Canadian law permits equal/proportional force in self-defence, so if one of these fellows pulls a knife he could be looking at jail time. (source)
Self-Defence As We Move Into 2023, written by Danny Y.; Audio by Jonathan Fader

In concrete terms, 2023 should be no different from 2022. New Year’s Day is an abstract celebration for yet another revolution of the planet around the star; the sun still rises and sets, and the continuity of existence remains unbroken from each day to the next.

Yet for some, the New Year marks the opportunity for shifting into new habits and severing ties with old ones. Perhaps you are one of those that are prospecting such a shift, looking for something that can help increase your physical activity while also learning real-world skills. If so, Krav Maga is a great place to start.

As we hurtle head-first into 2023, it might be useful to know the backdrop of what self-defence means in Canada. Below are a few snapshots of the state of things as they might relate to your own physical safety and security.

Self-Defence Laws

In Canada, self-defence laws are poorly defined. Americans have the “right to defend their own castle” but in Canada, any response to someone invading your castle must be “reasonable in the circumstances”.

In America, if someone breaks into your house and you shoot / stab / bludgeon them with a spatula, no one blinks an eye.

In Canada, it’s not so cut and dry, and prosecution of YOU as the VICTIM has been a topic of much consternation.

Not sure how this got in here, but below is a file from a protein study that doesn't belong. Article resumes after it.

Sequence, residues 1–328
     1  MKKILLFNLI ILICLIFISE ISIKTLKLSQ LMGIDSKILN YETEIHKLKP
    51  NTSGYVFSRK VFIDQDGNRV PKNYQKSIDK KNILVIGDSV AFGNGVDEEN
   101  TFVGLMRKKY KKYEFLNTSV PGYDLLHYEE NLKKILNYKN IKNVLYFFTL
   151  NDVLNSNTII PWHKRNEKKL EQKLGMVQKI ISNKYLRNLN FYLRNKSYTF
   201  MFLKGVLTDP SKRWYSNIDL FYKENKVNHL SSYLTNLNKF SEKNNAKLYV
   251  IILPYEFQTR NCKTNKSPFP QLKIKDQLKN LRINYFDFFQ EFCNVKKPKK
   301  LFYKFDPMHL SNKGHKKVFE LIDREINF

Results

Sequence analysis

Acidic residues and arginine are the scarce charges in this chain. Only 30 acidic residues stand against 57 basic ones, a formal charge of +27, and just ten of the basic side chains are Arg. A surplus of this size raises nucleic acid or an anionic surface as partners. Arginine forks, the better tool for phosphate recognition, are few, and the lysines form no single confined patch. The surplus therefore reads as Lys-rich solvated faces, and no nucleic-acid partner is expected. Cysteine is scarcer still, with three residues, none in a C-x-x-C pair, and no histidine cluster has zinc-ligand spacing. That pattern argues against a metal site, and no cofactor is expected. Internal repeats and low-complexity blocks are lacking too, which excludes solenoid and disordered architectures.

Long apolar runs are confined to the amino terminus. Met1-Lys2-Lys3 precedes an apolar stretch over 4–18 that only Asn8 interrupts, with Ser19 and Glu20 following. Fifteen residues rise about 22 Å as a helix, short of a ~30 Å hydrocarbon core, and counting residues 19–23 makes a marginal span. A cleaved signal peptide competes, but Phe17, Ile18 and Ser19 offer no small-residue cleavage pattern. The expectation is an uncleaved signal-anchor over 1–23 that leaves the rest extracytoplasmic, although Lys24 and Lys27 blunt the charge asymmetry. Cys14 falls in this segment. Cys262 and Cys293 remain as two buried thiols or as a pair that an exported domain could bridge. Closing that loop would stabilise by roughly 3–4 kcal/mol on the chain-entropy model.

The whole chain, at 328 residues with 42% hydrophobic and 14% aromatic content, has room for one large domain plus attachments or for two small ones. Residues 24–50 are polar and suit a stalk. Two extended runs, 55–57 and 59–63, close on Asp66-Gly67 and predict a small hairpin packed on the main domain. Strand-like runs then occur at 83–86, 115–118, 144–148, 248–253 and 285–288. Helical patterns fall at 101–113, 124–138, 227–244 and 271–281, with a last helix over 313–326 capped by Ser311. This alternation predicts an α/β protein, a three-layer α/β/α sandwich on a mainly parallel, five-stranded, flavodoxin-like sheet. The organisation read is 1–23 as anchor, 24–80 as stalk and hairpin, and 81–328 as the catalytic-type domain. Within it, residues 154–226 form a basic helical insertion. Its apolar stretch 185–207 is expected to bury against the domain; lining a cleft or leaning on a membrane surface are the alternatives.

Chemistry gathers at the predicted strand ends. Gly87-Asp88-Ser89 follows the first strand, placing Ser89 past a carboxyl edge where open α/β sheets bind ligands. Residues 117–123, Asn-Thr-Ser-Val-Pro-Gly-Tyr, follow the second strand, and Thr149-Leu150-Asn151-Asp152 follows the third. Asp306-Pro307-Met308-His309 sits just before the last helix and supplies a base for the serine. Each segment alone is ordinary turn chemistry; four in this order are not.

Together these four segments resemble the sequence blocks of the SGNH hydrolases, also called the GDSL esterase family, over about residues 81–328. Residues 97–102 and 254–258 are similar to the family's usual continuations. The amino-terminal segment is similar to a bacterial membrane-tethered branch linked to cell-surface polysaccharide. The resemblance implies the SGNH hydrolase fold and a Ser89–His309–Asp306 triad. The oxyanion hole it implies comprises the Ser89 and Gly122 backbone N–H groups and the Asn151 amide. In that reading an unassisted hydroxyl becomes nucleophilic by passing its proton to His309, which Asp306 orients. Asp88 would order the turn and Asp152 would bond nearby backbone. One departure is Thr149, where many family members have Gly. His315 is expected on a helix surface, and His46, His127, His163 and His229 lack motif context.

In 2017, two men were tied up in their own home and threatened at gunpoint in Porters Lake, Nova Scotia. Somehow, one of the victims was able to snatch a shotgun from one of their assailants and shot one of the suspects in the leg as they fled from the scene. The Crown (government prosecutors) actually charged the victim with weapons offenses for actively defending himself against home invaders with a firearm said invaders had themselves introduced to the scenario. These charges were later dropped.

On the other hand, just this week (again in Halifax) a man was stabbed to death in self-defence while he and an accomplice attempted a home invasion. This time, after a lengthy investigation, police concluded that they would not lay any charges against the knife-wielding resident.

Looking at these two similar events side-by-side, the fact that charges were laid at all in the first case should speak volumes about how loosely-defined laws leave room for emotions and politics to drive the agenda. In some ways, it could be said that you, as the victim, are just as liable as the perpetrator, and so knowing how to respond with force is just as important as knowing how much force to respond with.

This latest stabbing incident may set the tone for future self-defence cases; however, given that nothing went to trial and no precedent was set, and given the fragmented and diverse approaches to public safety and enforcement, it remains to be seen if 2023 will see a change in how the Crown interprets headline-worthy acts of self-defence.

Firearms Laws

Firearms in Canada is a contentious topic and subject to tremendous emotional discourse. 2022 was a tumultuous year for firearms in Canada.